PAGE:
ROME, NOV. 28, 2011 (Zenit.org</a>).- A pro-life document by the name of the San Jose Articles is being publicized in many countries around the world. The most recent countries where it has been presented are Italy, Uruguay and the Philippines.
The Articles contain a series of affirmations regarding the inviolability of human life and the fact that there is no international “right” to abortion. It is meant to be an aid to counter affirmations by agencies and representatives of the United Nations who continue to insist such a right does exist.
The document has been signed by leading academics, such as Robert George of Princeton, John Haldane of St. Andrews, and John Finnis of Oxford. It is also supported by prominent politicians, including Anna Zaborska of the European Parliament and former French Cabinet Minister Christine Boutin.
According to the latest issue of the Friday Fax, published by the Catholic Family and Human Rights Institute, the Articles were recently launched in the Philippine’s Cebu City during the National Philippines for Life Congress.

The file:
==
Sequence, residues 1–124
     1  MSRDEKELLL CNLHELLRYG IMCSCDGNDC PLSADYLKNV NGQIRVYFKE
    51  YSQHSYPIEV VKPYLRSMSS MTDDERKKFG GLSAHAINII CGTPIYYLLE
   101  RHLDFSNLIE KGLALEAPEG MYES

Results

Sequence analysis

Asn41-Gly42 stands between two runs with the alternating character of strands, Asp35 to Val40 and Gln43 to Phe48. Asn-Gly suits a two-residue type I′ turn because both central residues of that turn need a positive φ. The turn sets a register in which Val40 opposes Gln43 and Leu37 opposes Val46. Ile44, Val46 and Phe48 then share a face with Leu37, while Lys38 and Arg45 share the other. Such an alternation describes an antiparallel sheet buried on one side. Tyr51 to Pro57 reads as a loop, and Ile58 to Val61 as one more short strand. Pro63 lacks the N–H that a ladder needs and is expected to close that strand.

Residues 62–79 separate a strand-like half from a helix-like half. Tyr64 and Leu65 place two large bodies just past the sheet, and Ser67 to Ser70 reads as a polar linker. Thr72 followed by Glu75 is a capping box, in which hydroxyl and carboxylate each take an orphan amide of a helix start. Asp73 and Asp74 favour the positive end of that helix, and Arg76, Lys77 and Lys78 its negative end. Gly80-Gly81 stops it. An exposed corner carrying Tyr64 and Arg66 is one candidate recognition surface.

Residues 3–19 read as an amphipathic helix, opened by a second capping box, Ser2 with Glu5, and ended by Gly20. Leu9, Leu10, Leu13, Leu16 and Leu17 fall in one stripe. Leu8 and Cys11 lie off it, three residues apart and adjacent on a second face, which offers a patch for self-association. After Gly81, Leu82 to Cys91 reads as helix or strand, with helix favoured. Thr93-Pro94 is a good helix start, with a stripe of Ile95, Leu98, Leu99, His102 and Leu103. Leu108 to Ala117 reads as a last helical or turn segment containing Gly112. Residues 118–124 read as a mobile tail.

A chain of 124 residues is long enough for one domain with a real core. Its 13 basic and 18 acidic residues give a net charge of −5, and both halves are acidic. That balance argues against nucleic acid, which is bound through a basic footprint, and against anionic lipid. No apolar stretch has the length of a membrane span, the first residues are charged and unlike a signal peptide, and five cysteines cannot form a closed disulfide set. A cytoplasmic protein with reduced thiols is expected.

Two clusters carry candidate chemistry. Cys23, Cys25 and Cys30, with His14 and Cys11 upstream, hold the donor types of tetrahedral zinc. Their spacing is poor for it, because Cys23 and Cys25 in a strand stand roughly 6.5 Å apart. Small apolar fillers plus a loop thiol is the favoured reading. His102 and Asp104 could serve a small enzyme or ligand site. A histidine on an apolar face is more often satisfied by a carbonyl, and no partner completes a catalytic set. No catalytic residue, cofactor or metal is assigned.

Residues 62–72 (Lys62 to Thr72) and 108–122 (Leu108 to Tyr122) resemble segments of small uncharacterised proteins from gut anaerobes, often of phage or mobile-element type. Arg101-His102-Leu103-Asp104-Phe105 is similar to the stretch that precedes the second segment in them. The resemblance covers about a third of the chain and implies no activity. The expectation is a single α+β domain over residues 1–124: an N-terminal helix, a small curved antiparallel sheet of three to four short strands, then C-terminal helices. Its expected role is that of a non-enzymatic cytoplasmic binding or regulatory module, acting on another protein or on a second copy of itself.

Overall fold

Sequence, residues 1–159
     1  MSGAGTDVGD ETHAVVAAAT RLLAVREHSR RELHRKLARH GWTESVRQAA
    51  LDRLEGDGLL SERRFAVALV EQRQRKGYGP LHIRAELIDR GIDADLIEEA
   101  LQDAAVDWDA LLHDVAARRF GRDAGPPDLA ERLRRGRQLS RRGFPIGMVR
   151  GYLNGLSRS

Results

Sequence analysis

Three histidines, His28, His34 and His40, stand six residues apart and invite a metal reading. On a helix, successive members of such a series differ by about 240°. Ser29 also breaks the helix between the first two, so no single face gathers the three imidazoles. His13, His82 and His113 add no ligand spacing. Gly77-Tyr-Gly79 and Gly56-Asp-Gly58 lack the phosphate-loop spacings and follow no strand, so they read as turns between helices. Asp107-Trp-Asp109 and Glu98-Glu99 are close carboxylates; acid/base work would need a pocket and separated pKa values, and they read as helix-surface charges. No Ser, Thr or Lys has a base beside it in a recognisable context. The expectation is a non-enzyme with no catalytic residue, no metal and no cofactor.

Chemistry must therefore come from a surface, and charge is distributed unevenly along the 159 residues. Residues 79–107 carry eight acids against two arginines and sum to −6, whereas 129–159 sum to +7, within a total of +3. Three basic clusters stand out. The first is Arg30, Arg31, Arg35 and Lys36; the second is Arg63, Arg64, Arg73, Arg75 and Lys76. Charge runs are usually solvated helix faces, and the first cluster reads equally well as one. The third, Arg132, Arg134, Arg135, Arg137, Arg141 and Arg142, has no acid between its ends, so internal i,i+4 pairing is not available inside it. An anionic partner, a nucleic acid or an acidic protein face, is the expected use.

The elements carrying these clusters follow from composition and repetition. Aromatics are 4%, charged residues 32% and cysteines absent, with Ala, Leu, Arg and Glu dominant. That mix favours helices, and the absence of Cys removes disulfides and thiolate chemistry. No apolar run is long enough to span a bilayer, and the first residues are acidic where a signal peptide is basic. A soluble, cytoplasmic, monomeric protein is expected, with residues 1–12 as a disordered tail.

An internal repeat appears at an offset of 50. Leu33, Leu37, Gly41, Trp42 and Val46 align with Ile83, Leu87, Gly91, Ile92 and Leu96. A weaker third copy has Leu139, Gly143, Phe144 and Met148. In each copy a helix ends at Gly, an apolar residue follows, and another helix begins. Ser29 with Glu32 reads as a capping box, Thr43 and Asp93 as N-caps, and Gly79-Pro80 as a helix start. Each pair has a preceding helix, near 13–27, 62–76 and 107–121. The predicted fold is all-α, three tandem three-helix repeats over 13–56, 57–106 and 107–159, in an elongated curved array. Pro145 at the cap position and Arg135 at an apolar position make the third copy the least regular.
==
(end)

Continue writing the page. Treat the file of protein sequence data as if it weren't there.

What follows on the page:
Among those present were the former Majority Leader of the Philippine Senate Francisco Tatad and Archbishop Jose Serofia Palma of Cebu.
“The San Jose Articles are primarily meant to shut down the false claim of an international right to abortion; but they constitute one of the biggest boosts so far to our fight against foreign-dictated contraception and sterilization,” Tatad told the Friday Fax.
The Friday Fax also reported that a spontaneous launch of the Articles took place in the national legislature of Uruguay this month. Those present included numerous politicians, including several former high-ranking ministers.
In October the Articles were launched in Madrid, London and Strasbourg.
Earlier in November the Rome launch took place. Among the Italians present were Giuseppe Benagiano of La Sapienza University of Rome, who is also the secretary general of the International Federation of Gynecology and Obstetrics, and Luca Volonte, president of the European Popular Party group in the Council of Europe.